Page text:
One of the ways cooperatives differ from other business structures is their adherence to cooperative principles and values that reflect social, political, and business concerns. Cooperatives trace the roots of these principles to the Rochdale pioneers, who established the first modern cooperative in Rochdale, England in 1844. These principles have been refined, adapted, and reinterpreted over time. The seven principles used by the International Cooperative Alliance today are generally accepted by cooperatives worldwide.
Cooperatives are also based on the values of self-help, self-responsibility, democracy, equality, equity, and solidarity. Cooperative members believe in the ethical values of honesty, openness, social responsibility, and caring for others.
1. Voluntary and Open Membership
Cooperatives are voluntary organizations, open to all people able to use their services and willing to accept the responsibilities of membership, without gender, social, racial, political or religious discrimination.
2. Democratic Member Control
Cooperatives are democratic organizations controlled by their members – those who buy the goods or use the services of the cooperative – who actively participate in setting policies and making decisions.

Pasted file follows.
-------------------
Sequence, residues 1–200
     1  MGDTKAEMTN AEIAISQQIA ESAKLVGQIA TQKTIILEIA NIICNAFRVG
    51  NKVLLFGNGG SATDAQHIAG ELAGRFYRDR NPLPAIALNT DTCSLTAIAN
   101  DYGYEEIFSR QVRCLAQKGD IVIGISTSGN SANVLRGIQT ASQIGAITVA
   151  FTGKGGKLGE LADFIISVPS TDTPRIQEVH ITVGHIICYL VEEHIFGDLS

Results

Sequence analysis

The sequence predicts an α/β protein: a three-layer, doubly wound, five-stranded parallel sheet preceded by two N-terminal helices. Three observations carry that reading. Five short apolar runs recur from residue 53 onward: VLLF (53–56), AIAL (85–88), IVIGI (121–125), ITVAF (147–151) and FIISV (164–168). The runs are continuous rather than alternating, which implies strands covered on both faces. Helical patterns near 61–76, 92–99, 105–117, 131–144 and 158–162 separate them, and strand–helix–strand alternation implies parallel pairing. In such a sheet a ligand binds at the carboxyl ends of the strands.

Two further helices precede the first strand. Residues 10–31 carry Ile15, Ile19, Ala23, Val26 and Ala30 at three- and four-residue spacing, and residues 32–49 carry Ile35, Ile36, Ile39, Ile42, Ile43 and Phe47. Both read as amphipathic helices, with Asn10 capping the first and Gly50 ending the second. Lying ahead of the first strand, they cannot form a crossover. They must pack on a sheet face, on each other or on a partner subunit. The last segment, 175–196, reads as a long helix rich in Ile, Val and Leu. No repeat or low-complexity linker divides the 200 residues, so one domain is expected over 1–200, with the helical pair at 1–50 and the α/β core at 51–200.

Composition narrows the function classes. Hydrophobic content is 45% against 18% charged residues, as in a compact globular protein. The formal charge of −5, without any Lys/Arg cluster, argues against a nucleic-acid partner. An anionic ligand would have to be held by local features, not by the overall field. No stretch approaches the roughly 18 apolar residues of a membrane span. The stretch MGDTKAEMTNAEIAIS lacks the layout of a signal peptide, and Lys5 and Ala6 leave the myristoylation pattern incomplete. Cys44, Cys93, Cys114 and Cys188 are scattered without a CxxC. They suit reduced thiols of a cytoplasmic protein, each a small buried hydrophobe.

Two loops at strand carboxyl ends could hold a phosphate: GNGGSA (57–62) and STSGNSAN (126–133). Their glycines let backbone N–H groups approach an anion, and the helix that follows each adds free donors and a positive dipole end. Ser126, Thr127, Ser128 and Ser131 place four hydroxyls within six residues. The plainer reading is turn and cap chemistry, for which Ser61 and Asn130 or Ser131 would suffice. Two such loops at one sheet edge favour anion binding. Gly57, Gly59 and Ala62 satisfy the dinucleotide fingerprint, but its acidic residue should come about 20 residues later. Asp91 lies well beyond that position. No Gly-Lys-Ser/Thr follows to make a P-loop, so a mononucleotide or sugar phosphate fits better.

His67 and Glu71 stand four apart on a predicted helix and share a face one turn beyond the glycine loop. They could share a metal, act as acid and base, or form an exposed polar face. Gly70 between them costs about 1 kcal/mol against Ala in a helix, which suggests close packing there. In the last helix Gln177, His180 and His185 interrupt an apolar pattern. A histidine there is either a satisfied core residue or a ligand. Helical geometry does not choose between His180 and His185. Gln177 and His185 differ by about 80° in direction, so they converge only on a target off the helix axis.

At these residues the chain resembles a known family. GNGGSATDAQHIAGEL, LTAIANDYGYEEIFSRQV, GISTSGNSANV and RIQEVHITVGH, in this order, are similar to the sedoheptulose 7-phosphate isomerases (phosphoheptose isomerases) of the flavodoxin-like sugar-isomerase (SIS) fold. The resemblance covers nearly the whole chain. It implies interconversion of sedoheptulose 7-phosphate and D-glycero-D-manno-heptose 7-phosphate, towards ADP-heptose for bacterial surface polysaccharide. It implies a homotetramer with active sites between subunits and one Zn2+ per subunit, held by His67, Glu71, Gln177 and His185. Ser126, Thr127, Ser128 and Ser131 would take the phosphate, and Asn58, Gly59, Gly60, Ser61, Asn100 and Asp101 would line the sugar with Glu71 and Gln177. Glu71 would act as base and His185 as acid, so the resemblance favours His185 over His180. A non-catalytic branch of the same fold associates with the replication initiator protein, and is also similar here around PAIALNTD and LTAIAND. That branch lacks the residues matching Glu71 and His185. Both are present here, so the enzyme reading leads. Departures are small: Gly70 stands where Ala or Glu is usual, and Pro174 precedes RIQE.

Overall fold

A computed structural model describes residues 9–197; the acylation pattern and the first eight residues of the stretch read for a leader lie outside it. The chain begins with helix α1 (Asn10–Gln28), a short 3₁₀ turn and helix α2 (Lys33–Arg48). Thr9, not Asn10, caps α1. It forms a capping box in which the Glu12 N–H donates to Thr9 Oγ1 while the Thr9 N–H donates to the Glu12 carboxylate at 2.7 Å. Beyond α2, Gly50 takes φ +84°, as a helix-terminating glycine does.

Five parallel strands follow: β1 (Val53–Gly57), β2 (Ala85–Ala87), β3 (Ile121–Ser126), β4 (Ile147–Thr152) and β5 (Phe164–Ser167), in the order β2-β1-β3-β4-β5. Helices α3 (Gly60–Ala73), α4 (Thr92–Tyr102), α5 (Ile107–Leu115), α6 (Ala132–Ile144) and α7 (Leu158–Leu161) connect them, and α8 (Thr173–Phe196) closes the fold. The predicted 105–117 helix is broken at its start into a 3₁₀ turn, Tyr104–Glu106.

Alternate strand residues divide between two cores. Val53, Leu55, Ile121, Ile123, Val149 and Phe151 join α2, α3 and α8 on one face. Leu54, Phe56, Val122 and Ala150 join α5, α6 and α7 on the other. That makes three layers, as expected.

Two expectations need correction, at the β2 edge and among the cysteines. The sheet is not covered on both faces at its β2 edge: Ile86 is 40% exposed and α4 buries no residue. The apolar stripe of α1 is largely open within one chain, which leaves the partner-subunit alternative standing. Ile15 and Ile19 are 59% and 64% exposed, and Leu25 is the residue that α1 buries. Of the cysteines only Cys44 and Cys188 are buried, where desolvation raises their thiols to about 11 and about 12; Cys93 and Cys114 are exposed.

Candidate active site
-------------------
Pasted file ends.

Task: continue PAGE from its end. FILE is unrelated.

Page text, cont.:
3. Member Economic Participation
Members contribute equally to, and democratically control, the capital of the cooperative. This benefits members in proportion to the business they conduct with the cooperative rather than on the capital invested.
4. Autonomy and Independence
Cooperatives are autonomous, self-help organizations controlled by their members. If the co-op enters into agreement with other organizations or raises capital from external sources, it is done so based on terms the ensure democratic control by the members and maintains the cooperative’s autonomy.
5. Education, Training and Information
Cooperatives provide education and training for members, elected representatives, managers and employees so they can contribute effectively to the development of their cooperative. Member also inform the general public about the nature and benefits of cooperatives.
6. Cooperation among Cooperatives
Cooperatives serve their members most effectively and strengthen the cooperative movement by working together through local, national, regional and international structures.
7. Concern for Community
While focusing on member needs, cooperatives work for the sustainable development of communities through policies and programs accepted by the members.
More recently, in response to changing market conditions, some cooperatives in the United States have experimented with modifying these principles. For example, some cooperatives have used closed membership to maximize efficiency, profitability and the return on member equity investments. New cooperative laws in some states have granted voting rights to non-user investors.